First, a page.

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  1. #1
    Join Date
    Jun 2004
    Location
    Arizona, USA
    Posts
    1,848

    Unanswered: What am I not seeing...

    A little background

    First, it's been a looong week, topped off by a long day (woke up at 3:00 AM and couldn't get back to sleep. Yech.)

    Today, I've imported a SQL Server log file into a staging table on my local pg (v9.3) server for some analysis.

    The staging table is defined as
    Code:
    CREATE TABLE sql_log_import
    (
      id serial NOT NULL,
      ts text, -- will convert to ts when merging into sql_server_logs
      source character varying(30),
      severity character varying(20),
      message character varying(400),
      CONSTRAINT sql_log_import_pk PRIMARY KEY (id)
    )
    The target table (where the data will be placed) has a couple of extra columns, PLUS, the column ts is defined as timestamp with timezone.

    I've posted an image of some of the data in the table, just after double-clicking the ts (varchar) field to copy the data for a test.
    Click image for larger version. 

Name:	postgres_sql_log_import.png 
Views:	8 
Size:	8.8 KB 
ID:	15801

    I paste the copied data into a query, and pg correctly casts & displays the timestamp with timezone:
    Code:
    select to_timestamp('08/06/2014 03:08:58', 'MM/DD/YYYY hh24:mi:ss')::timestamp with time zone as tstamp
    Now comes the fun part.

    I edit the SQL above, to change the pasted datetime to the column name from the staging table and add the from clause:
    Code:
    select to_timestamp(ts, 'MM/DD/YYYY hh24:mi:ss')::timestamp with time zone as tStamp
    from sql_log_import
    and I get the following result:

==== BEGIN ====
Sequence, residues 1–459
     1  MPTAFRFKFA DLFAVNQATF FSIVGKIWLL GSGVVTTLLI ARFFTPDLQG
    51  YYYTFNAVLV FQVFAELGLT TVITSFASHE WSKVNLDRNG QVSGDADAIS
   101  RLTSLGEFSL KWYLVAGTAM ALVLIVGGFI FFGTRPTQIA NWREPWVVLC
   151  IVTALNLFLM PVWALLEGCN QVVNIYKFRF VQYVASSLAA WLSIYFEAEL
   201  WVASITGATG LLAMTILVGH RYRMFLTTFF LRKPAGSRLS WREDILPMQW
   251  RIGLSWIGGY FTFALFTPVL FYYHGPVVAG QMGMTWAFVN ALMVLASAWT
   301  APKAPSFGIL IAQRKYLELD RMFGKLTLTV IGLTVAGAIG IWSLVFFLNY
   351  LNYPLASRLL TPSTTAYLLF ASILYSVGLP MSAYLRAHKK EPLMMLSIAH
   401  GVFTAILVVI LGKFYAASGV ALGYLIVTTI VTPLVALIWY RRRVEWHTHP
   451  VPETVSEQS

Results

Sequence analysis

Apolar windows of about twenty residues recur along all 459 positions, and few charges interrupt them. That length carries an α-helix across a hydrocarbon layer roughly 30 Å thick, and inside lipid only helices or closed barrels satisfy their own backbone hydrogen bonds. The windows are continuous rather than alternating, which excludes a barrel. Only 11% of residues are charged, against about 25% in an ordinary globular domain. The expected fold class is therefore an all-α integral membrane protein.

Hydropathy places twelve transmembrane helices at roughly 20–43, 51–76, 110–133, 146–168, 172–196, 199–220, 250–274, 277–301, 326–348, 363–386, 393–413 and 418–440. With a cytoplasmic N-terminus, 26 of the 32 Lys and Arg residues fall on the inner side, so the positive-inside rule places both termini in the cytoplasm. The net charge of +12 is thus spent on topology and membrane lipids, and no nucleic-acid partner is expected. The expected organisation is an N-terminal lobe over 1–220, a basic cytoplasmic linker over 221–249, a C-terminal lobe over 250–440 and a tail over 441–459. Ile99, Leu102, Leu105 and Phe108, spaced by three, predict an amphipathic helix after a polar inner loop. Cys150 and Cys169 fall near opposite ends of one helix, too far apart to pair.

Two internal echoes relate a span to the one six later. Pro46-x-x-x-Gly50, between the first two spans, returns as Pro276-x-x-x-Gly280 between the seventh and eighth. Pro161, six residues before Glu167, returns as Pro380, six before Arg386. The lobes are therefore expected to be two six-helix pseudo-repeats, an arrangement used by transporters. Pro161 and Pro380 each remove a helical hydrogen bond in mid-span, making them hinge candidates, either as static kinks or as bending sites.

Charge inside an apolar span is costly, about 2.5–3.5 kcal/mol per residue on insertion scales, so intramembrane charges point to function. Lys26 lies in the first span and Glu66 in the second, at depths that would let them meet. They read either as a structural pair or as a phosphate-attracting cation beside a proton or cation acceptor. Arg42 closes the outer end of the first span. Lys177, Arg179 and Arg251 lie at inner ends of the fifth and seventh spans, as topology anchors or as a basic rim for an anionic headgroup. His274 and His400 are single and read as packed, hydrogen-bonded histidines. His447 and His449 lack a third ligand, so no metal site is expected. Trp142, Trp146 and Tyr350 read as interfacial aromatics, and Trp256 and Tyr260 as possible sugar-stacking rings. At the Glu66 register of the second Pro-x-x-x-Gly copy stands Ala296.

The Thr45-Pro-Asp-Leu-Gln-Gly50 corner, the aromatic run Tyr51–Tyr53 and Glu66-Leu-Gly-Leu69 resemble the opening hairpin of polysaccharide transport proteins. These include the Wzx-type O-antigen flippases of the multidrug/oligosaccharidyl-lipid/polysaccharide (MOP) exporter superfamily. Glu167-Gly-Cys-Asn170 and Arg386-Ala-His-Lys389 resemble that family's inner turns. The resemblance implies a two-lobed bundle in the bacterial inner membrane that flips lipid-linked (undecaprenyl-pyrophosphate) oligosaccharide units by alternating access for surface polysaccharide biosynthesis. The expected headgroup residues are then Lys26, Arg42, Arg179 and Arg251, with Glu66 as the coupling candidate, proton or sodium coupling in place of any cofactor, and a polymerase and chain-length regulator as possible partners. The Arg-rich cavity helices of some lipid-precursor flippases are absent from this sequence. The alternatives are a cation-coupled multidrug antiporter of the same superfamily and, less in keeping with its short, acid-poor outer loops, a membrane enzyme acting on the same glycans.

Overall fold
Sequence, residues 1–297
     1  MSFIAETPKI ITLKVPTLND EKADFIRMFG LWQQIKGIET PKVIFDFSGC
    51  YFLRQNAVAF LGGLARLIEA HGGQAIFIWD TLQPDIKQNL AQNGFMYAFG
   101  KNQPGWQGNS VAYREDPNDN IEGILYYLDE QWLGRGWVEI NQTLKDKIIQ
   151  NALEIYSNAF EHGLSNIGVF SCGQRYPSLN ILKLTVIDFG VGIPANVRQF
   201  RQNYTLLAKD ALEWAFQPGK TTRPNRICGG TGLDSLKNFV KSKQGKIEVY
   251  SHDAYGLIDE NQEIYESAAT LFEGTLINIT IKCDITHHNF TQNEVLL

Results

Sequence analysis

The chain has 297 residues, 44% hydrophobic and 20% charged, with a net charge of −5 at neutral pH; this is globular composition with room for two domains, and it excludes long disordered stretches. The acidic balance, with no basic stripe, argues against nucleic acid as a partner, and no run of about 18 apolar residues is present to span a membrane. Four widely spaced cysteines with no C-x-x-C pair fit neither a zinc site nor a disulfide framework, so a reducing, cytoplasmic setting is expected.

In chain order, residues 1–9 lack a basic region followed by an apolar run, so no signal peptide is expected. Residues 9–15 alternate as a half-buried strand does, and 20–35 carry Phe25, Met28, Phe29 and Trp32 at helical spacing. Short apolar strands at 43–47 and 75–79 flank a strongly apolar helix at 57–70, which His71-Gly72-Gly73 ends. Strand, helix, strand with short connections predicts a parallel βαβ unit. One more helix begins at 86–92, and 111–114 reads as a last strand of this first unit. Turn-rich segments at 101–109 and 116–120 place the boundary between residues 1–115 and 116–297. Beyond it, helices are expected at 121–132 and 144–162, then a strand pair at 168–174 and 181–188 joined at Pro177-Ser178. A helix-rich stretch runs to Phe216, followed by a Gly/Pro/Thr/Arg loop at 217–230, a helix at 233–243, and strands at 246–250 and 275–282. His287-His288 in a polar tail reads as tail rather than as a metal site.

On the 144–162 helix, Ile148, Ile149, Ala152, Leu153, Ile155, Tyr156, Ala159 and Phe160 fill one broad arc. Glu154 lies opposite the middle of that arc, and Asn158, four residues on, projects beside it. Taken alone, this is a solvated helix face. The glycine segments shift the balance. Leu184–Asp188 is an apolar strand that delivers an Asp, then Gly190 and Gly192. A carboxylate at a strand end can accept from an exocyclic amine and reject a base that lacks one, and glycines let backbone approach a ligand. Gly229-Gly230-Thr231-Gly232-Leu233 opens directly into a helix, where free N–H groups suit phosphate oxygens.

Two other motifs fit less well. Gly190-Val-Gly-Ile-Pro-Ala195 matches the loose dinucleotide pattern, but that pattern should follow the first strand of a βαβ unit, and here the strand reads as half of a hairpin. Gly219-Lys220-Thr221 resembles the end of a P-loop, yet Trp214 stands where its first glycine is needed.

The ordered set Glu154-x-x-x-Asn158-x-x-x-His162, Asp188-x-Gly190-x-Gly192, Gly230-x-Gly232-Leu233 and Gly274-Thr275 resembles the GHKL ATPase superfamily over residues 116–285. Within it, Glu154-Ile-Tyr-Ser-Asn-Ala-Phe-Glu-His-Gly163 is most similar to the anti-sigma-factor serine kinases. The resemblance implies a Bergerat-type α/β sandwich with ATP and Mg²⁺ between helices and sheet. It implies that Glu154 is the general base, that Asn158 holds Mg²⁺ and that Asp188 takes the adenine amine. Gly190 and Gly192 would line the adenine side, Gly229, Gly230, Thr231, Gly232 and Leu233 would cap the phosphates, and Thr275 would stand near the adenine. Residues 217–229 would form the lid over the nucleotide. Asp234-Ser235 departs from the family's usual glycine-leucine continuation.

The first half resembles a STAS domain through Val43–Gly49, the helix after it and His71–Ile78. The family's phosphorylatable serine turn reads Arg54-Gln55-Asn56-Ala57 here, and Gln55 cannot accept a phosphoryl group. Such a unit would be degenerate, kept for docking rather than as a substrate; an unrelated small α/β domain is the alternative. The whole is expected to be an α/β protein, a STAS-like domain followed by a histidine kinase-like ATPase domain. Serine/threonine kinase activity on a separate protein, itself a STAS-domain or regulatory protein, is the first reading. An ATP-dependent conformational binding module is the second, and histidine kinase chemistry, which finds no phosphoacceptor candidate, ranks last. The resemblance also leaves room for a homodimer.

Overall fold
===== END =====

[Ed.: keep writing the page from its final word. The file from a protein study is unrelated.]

Code:
    ********** Error **********
    
    
    SQL state: 22007
    Detail: Value must be an integer.
    WHAT am I not seeing?

    The person who sees the problem gets the "Winner! Winner! Chicken Dinner!" Post :-)
    Last edited by loquin; 08-29-14 at 19:44. Reason: added the 'reward' ...
    Lou
    使大吃一惊
    "Lisa, in this house, we obey the laws of thermodynamics!" - Homer Simpson
    "I have my standards. They may be low, but I have them!" - Bette Middler
    "It's a book about a Spanish guy named Manual. You should read it." - Dilbert


  2. #2
    Join Date
    Jun 2004
    Location
    Arizona, USA
    Posts
    1,848

    Resolved!


    There were leading UTF8 encoding bytes in the data of the first record. Apparently I selected ascii rather than UTF8 encoding in pgAdmin's import utility, so it simply passed the extra hi-bit bytes along to the table when importing.

    When I replaced the date/time with the 'Identical' date/time from the second record, the timestamp casting works as advertised!

    There is a tiny clue in the pgAdmin data view; before selecting the datetime for editing, there were a few extra pixels on the leading zero - almost like a horizontal apostrophe merged into the character.
    Click image for larger version. 

Name:	Offending UTF8 encoding bytes Affect in pgAdmin.png 
Views:	4 
Size:	842 Bytes 
ID:	15818

    So, the 'Winner-Winner, Chicken Dinner' award goes out to Adrian Klaver and Jerry Sievers on the postgresql mailing lists. Jerry's reply had me checking the output using psql, which explicitly raised the error of UTF8 encoding within the data. Then, after I found the offending bytes, I read Jerry's (earlier) reply, where he identified the problem exactly. (My email client is set to list by descending datetime, so I didn't see Jerry's reply until I had also found the problem.)
    Last edited by loquin; 09-09-14 at 14:41. Reason: add image
    Lou
    使大吃一惊
    "Lisa, in this house, we obey the laws of thermodynamics!" - Homer Simpson
    "I have my standards. They may be low, but I have them!" - Bette Middler
    "It's a book about a Spanish guy named Manual. You should read it." - Dilbert


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